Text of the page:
Everybody knows fighter pilots are pretty cool: they fly supersonic jets, drop explosive ordnance, and wear awesome sunglasses. But pilots are human too, and sometimes flying a fighter jet is less like Ace Combat 7 and more like a long road trip at 30,000 feet.
Unlike a long car ride, there are no rest stops to stretch and get a Big Mac. So how do you stay alert, comfortable and healthy while flying a multi-million dollar jet armed with explodey bits? And when the bullets start flying, how do you deal with the strain of G-force? F-35 instructor pilot Maj. Justin “Hasard” Lee took the time to tell Task & Purpose about the human side of flying a high-performance aircraft.
Never skip leg day
The Air Force is often referred to by other services as the 'chair force,' because many of its career fields involve sitting in a chair inside the wire. But winning a dogfight takes a surprising amount of physical endurance. Lee found that out the hard way when he was a student learning dogfight maneuvers. An older instructor wiped him out not just because the instructor had more experience, but also because he was in better shape to handle the Gs.
“In the debrief, after the flight, my labored breathing was evident in the tape,” Lee wrote in a July blog for Sandboxx. “He paused it and said, ‘How did you ever expect to win today? I have 15 years of experience flying fighters, and granted, you don’t have anywhere near that, but I’m also in better shape than you.’”
The normal pull of one G keeps us all from floating into space. But when a fighter jet accelerates, the pilot feels a build up of Gs that multiplies the normal pull of gravity. In plain English, that means a pilot who weighs 160 pounds at one G would weigh 960 pounds at six Gs.
That’s a huge strain on the pilot’s body, which is why Air Force pilots wear specially-designed G suits to keep blood from draining out of the brain and into the pilot’s abdomen and legs. If left unchecked, that loss of blood from the brain can lead to G-induced loss of consciousness (G-LOC).
How do you get in shape for something like G force? Four words: never skip leg day. Having strong leg muscles helps blood from pooling into your legs, Lee explained.
“HIIT training, deadlifts, squats, sprints, box jumps, all that stuff, but the basics is working out the legs,” he said. “That’s something I had to learn. I didn’t realize the importance of physical fitness” for fighting G-LOC.
A G-suit helps of course, “but it comes down to how good of a shape you’re in,” he added.
Pilots also build up a tolerance to Gs by flying a lot and by strapping into a G-force centrifuge that spins pilots around in a controlled environment. Lee said you can see the difference whenever fighter pilots take crew chiefs or celebrities for a ride.
“They feel awful,” Lee said. “They had a good time but they are extremely drained, nobody’s used to these forces on the body.”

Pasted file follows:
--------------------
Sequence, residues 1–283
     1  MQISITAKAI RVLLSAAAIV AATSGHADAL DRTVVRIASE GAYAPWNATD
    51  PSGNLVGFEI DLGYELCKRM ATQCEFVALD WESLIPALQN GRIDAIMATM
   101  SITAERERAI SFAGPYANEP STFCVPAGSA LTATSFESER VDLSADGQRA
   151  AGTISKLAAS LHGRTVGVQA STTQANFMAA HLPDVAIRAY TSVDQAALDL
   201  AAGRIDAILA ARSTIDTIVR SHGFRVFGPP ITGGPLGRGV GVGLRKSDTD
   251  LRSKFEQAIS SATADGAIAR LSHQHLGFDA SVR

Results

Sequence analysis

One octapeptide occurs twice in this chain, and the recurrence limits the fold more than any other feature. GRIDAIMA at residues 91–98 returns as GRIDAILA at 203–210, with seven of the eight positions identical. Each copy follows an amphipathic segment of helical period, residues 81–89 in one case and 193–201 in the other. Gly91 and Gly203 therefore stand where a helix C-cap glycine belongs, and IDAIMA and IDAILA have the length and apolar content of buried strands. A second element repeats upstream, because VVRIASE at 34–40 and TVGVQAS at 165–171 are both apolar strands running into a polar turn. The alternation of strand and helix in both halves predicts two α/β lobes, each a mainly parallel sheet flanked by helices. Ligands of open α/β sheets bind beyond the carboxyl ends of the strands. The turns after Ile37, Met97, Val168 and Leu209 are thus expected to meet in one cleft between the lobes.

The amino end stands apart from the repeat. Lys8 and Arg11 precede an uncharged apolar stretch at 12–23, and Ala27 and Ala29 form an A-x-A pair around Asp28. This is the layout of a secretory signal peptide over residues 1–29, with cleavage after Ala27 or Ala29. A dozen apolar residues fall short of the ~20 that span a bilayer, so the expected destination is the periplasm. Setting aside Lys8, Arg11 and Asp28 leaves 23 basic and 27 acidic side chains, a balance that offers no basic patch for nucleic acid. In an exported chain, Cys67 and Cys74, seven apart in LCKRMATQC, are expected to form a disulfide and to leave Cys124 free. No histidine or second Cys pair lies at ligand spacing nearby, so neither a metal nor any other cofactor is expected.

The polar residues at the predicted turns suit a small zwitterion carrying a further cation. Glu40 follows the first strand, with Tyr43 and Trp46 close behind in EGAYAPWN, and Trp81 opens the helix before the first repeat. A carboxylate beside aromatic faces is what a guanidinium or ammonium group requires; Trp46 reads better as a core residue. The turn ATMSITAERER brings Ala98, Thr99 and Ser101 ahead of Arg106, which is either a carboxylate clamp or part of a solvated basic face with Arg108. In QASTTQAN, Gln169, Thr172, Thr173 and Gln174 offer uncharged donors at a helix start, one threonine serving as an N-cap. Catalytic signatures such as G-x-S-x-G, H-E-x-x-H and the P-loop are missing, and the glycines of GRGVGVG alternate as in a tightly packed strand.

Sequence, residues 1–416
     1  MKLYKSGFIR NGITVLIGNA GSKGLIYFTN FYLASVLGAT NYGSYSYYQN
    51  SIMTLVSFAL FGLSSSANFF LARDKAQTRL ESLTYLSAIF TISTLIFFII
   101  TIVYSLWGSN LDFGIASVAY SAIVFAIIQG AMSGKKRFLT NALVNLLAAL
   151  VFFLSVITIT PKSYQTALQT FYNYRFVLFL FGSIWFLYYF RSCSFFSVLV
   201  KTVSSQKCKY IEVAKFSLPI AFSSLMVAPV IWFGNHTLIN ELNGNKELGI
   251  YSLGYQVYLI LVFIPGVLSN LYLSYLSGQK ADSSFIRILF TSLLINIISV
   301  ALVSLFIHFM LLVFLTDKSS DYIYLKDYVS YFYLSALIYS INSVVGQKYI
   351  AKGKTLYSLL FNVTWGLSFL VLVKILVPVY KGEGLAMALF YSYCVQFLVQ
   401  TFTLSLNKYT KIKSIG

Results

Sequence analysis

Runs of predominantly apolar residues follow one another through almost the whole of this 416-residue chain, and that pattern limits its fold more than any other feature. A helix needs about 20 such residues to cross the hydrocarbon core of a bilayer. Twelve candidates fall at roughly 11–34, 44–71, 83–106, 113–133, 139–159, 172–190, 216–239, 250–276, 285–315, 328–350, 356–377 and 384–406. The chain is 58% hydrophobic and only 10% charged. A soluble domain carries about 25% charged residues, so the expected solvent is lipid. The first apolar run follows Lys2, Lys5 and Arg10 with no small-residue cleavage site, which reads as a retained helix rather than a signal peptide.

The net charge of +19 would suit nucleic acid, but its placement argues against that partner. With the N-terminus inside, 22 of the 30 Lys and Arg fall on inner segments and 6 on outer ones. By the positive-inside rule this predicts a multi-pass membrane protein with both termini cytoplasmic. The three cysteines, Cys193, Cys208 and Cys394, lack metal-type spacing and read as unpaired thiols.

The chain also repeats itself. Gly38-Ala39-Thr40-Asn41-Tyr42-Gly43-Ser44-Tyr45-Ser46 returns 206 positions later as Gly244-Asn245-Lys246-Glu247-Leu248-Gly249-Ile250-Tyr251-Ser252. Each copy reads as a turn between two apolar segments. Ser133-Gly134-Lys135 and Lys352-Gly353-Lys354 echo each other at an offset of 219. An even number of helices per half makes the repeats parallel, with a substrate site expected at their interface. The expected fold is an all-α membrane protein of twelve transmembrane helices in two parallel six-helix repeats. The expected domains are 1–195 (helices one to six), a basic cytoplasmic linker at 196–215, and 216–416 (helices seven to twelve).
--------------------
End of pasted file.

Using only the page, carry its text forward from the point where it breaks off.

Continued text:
In some ways, getting used to Gs is a lot like getting used to any other activity.
“The other day my shoulder was sore from pulling weeds,” he said. “It’s like that.”
Building up a tolerance is also how fighter pilots keep their food down in the middle of a roller coaster maneuver. Still, the long-running joke is that bananas are the best food to eat before flying, because “they taste the same coming up as they do going down,” Lee said.
Drink your water
Sleeping right, working out, and staying hydrated is very important for fighting Gs, Lee said. And yes, staying hydrated actually makes a difference here: according to one study from 1979, just 3 percent dehydration can reduce a pilot’s G tolerance by 40 percent.
The problem is that fighter pilots lose a lot of water before they even get in the cockpit, Lee explained. Just imagine wearing a G suit in the deserts of the Middle East or the humid flightlines of Florida or South Carolina.
“Those G suits are thicker than snow pants,” Lee explained. “You lose the most water walking out to the aircraft, especially in hot environments. The ramp temperature can get up to 120 degrees, and you’re walking out in basically a snowsuit.”
Even when you get in the cockpit, the air conditioning doesn’t really get going until you’re airborne, Lee explained. Then once you are airborne, the air is very dry at high altitude. Some pilots take Camelbaks with them to quench their thirst, but Lee prefers an old-fashioned water bottle. He takes small sips to make sure he has enough to last a seven or eight hour flight.
Of course, all that water has to go somewhere, but taking a bathroom break mid-flight is a complicated process. Fighter pilots pee into piddle packs, which are essentially ZipLoc bags with what looks like laundry detergent in them, Lee said. When using a piddle pack, it’s important to fly smoothly to make sure there is no spillage.